As we near the end of the summer, most of us interns have a good idea of how your internship is going. If you find yourself in a difficult summer job, this article is for you.
In the summer after 10th grade. I joined a research lab, eager to get my feet wet in academia. However, I soon discovered that there was a recent change in executive leadership. As a result, every research professor was so busy adjusting that they could not assign interns any work. They simply would not have had the time to check over our work. With the shift in leadership also came a drastic change in policies, putting pressure on research faculty who had to juggle grant proposals and new regulations. I didn’t wrote this article to spite anyone, by the way, as this was a truly difficult time for the entire lab.
Disclaimer: If you experience or witness any illegal activity or sexual/verbal harassment at your internship, consider leaving or telling someone.
Otherwise, here are five steps that can help you survive and maybe even salvage your internship.
1. Don’t be in denial.
If something seems off, it probably is. I have to admit that I didn’t face reality immediately. So if you recognize the problem soon enough, you may still be able to salvage your internship. Immediately realizing what’s wrong allows you to prepare your next steps, like speaking with your supervisor.
2. Have a conversation with your internship director.
Just a word of warning — this conversation will be awkward. Some managers may be unaware that the workplace structure ruins your experience, especially if it’s their first time hiring an intern. Try to have an open-minded conversation about your internship concerns. In addition, assume that your manager has good intentions for you.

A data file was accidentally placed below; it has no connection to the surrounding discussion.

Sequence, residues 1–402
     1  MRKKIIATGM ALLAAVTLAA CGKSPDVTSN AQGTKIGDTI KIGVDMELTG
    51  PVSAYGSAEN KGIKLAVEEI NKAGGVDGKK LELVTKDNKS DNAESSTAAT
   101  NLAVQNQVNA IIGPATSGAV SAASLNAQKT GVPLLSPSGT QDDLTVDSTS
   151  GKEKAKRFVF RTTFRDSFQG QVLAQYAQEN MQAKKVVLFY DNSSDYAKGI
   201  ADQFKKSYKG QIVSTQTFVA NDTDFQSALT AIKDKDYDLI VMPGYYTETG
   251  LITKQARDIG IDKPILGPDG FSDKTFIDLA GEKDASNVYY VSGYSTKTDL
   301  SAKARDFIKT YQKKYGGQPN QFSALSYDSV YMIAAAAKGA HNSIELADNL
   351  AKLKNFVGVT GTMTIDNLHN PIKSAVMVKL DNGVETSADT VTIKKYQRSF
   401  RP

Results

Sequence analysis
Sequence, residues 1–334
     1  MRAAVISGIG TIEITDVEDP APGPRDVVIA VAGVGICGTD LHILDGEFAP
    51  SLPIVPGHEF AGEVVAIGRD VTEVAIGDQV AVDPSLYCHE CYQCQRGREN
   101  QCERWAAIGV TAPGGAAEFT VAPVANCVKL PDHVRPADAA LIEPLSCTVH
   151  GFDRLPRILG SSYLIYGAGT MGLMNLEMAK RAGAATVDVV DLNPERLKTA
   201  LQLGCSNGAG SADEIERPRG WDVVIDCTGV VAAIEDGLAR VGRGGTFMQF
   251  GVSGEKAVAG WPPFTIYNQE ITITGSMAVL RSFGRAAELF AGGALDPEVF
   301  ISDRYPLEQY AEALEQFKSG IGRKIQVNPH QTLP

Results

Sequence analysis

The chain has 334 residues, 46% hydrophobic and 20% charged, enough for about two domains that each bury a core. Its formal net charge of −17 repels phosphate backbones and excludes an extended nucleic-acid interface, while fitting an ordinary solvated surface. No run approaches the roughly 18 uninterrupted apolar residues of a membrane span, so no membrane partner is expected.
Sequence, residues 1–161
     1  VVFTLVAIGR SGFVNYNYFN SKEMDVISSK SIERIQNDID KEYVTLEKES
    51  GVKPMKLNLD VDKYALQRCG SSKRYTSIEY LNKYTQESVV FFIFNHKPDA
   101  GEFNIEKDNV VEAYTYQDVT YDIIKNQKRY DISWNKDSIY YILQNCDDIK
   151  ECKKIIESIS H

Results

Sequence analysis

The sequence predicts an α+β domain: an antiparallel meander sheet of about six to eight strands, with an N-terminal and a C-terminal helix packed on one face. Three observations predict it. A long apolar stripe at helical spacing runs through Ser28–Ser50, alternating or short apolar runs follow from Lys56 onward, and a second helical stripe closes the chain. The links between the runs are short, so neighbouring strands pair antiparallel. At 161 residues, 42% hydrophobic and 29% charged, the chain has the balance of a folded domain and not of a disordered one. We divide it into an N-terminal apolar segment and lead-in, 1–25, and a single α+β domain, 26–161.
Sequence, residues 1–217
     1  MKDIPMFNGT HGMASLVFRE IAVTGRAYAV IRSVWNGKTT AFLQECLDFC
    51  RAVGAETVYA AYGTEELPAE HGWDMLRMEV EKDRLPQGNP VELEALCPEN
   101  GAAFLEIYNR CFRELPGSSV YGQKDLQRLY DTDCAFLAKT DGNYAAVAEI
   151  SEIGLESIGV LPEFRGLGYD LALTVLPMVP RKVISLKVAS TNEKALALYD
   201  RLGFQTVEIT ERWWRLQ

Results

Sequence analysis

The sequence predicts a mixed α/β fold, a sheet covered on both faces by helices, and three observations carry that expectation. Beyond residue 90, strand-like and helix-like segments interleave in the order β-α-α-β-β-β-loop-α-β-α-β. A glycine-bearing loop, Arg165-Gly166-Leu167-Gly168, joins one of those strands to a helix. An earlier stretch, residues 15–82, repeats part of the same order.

When you make assumptions about why your manager is ignoring you, you will negatively affect the conversation. Instead, do your best to stay calm and communicate your concerns in a straightforward manner. It can be tempting to talk passive-aggressively, but that will only escalate the situation.
Also, do your best to be concise to ensure that you get your point across. Try to write down what is bothering you and use those list items as talking points. If the conversation changes nothing, you may just have to bear with this internship until it’s over.
3. Remember that this too shall pass.
The beauty of an internship is that it’s temporary. My internship was not a life sentence, and I don’t have to work there anymore. If you like it, though, you can think about returning next summer. So instead of focusing on everything that went wrong, try to figure out what you have learned from this experience.
Maybe you learned how to deal with difficult coworkers. Or maybe you learned how to advocate for your needs. I’m sure there are small life skills that you picked up that you didn’t even realize.
4. I realized that I wasn’t alone.
I felt extremely isolated at my job. I questioned if I was even qualified. Were they not giving me work because I wasn’t qualified? I even blamed myself for even applying to this position. Until one day, out of curiosity, I Googled “how to deal with difficult internships.” I found many people in the same spot as me, caught in the middle of corporate drama.
The sheer number of people in the same situation as me made me feel validated. It meant I wasn’t going crazy. These articles made me realize other external factors at play, like interpersonal conflict. So before you blame yourself, keep in mind that there are aspects you cannot control. Instead, focus on what you can control. An internship gone awry is not necessarily a reflection on you.
5. Keep your mental health in check
I didn’t realize how much that internship was burning me out even though I was doing nothing. The frustration that came from this experience took its toll on me. So if I were to do things differently, I would have definitely tried to talk with my friends about this situation more. You probably know at least one college friend who’s been through this.
When you’re stuck at a difficult internship, the most important aspect to remember is that this job is not permanent. Moving on may be the best you can do.